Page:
Politically Exposed Persons (PEPs) and the Four Levels of Risk
Politically exposed persons (PEPs) status is not an indication of any criminality. However, if you’re a financial institution or regulated by the FCA. This is to ensure that you comply with Anti-Money Laundering (AML) and Combating the Financing of Terrorism (CFT) measures. To ensure that your organisation does not miss a change in a PEP’s risk profile, ongoing monitoring is necessary – not just when forging a new business relationship.
What is a Politically Exposed Person (PEP)?
The definition of politically exposed person (PEP) is an individual with a high profile political role, or who has been entrusted with a prominent public function. They present a higher risk for involvement in money laundering and/or terrorist financing because of the position they hold.
Defining Politically Exposed Persons
The origin of the term “politically exposed person” can be found in the aftermath of money-laundering scandals of the late 1990s. In particular, the Abacha Affair in Nigeria spurred international efforts to stop political figures misusing the financial system. The term “Senior Foreign Political Figure” is sometimes used instead.
What are the criteria for a PEP?
With criteria varying from nation to nation, there is no definitive list of politically exposed persons. This is further complicated by the Financial Action Task Force (FATF) updating its guidelines on PEP.
Nonetheless, the general practice is to base PEP definitions on the FATF’s guidance, providing these general categories:
- Government officials
- Officials of political parties
- Senior executives
- Relatives and close associates
This category of politically exposed persons include: current and former officials in domestic or foreign government positions. This could range from individuals working in judicial, military, administrative, legislative or executive roles to heads of state. The position could be elected or unelected.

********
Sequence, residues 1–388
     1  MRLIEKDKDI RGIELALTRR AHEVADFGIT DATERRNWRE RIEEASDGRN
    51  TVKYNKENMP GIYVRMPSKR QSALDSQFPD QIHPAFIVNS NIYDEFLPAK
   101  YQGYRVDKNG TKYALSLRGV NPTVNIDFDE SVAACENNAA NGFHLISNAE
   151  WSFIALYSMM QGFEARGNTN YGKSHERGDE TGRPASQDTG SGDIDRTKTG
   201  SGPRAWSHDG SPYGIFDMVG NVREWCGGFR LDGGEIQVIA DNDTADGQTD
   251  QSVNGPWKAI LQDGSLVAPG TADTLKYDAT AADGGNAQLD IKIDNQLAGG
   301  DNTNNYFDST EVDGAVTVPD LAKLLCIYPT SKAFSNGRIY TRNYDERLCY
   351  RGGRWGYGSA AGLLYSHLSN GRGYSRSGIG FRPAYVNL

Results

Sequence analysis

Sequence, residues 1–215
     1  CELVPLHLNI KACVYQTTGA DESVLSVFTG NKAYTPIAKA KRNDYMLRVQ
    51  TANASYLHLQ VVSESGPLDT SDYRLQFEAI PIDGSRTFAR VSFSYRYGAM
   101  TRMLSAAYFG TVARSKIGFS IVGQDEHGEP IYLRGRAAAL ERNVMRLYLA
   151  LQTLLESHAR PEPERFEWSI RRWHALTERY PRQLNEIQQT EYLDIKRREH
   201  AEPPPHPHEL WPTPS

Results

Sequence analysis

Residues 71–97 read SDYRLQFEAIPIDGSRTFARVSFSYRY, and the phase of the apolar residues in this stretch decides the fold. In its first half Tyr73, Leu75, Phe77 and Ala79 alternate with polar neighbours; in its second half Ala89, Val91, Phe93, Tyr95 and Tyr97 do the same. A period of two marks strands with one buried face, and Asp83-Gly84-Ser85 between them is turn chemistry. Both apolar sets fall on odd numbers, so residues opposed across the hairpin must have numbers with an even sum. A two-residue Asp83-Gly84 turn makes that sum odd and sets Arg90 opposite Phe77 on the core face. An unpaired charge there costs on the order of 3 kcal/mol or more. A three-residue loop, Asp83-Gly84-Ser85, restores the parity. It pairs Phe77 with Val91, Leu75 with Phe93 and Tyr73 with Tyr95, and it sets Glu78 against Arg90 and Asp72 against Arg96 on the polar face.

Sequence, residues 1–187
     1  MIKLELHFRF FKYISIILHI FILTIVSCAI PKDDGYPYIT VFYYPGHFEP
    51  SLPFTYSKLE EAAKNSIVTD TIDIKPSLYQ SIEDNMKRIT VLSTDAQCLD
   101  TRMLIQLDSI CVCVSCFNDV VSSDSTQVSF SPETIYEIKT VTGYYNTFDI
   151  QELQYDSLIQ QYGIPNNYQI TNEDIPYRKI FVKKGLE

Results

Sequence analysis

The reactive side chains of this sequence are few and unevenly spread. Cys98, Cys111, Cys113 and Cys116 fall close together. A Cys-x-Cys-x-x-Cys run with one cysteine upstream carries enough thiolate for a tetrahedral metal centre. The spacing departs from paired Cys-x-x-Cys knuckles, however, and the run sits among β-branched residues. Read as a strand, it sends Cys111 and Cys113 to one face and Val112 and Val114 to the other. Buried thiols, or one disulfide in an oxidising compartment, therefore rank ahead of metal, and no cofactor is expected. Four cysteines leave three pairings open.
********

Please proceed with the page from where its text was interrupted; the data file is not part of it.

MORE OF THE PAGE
Officials of Political Parties
This PEP category comprises senior officials of either domestic or foreign political parties.
Board members or directors in international organisations, or government-owned commercial enterprises may be deemed a PEP.
Relatives and Close Associates
The immediate family members of any of the above categories – spouses, siblings, parents and children – can also be considered PEPs.
The Four Levels of Risk
- Heads of state and government
- Members of government (national and regional)
- Heads of military, judiciary, law enforcement and boards of central banks
- Top-ranking officials of political parties
Medium Risk – Level 2 PEPs
- Senior officials of the military, judiciary and law enforcement agencies
- Senior officials of other state agencies and bodies and high ranking civil servants
- Senior members of religious groups
- Ambassadors, consuls, high commissioners
Medium Risk – Level 3 PEPs
- Senior management and the boards of directors of state-owned businesses and organisations
Low Risk – Level 4 PEPs
- Mayors and members of local, country, city and district assemblies
- Senior officials and functionaries of international or supranational organisations
Implications for Organisations
To quote ComplyAdvantage, “Financial regulators require businesses to implement PEP screening measures as part of their AML programs to determine their clients’ PEP status. Businesses must be aware of the PEP regulations applicable in their jurisdiction so they can implement the appropriate AML measures.
PEPs legislation also changes over time, meaning that businesses must monitor these legislation changes and how it affects their business, in addition to having a PEP screening process in place.”